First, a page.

Tip 6
“For video, storyboards and animatics are crucial, but they needn’t look beautiful – mostly, they’re just a guide. Carry a notebook and pencil for sketching out ideas, and use basic storyboards to test out ideas as a sequence, and to make important storytelling, timing and editing decisions.”

Chris Sayer, animation director at Wyld Stallyons

Tip 7
“Create seminal pieces that tell the world about what you love, where you draw inspiration from and where your enthusiasm peaks. This could attract a dream client or collaborators you share a common bond with. I love nature, so I create pieces to attract clients needing something nature-themed, to work together promoting, recreating or enthusing over nature.”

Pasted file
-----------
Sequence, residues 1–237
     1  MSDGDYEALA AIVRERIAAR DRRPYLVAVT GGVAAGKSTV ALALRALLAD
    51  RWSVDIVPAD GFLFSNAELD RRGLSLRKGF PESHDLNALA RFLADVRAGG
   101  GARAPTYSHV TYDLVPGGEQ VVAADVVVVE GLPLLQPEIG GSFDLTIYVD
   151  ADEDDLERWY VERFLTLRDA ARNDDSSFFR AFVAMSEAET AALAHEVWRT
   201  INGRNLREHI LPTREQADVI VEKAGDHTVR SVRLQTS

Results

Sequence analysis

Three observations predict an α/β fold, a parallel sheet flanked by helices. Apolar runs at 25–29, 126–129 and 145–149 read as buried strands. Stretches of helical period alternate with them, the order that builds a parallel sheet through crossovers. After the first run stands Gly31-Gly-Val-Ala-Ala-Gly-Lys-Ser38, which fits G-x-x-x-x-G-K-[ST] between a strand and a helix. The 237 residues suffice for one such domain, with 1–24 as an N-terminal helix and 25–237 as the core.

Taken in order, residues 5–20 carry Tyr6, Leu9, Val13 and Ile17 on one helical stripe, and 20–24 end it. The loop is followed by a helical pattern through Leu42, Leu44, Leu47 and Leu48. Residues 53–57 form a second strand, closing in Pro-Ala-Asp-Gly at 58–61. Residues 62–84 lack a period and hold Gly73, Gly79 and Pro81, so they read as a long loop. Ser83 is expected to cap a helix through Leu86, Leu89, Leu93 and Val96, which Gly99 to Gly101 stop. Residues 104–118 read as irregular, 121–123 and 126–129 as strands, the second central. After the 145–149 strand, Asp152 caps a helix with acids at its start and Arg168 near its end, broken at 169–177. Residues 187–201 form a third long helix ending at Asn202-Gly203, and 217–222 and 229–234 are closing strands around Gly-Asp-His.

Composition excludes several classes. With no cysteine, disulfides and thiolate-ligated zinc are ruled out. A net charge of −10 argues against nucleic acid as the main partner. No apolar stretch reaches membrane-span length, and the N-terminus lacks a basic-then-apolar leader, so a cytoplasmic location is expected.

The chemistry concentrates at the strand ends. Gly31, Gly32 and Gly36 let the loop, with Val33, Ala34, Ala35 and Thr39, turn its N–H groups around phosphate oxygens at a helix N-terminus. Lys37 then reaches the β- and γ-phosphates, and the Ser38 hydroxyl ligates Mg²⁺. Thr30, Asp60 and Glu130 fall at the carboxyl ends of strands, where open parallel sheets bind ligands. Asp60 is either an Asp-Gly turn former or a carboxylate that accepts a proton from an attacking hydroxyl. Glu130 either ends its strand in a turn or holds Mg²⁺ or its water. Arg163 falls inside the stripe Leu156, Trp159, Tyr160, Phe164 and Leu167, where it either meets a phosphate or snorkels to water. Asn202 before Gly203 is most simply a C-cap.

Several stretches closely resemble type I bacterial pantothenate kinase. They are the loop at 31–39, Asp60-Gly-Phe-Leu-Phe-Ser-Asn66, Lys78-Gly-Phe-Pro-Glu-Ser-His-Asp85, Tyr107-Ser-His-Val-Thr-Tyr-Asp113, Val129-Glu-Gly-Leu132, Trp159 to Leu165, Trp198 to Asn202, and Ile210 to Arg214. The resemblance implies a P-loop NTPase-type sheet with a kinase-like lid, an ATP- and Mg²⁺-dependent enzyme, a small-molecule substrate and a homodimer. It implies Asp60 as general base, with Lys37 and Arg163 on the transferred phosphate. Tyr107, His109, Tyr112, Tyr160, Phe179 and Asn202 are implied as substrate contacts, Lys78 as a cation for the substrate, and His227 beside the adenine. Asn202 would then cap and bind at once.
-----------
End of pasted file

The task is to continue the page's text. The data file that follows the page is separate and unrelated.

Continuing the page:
Ben O’Brien, illustrator and creator of the Speakerdog line of paper toys

Tip 8
“Take photos of anything that tickles your fancy to use as inspiration later on. Don’t worry about quality or reflections - the pictures are just reminders. I love a badly stuffed weasel at the Bristol Museum. Its unnaturally arched spine and placid face are beautiful. I never got a good picture, but found something on my camera recently, and turned it into a character illustration.”

Phil Corbett, illustrator and creator of the Kitten Parasites clothing label and book

Tip 9
“Take advantage of software integration. I create artwork in Illustrator and develop it in Photoshop. Vector elements pasted into Photoshop become Smart Objects, that can be subjected to treatments like adjustment layers, masks and smart filters – great for creating subtleties of texture and colour that are lacking in designs made purely in Illustrator.”

Matt Lyon, designer and artworker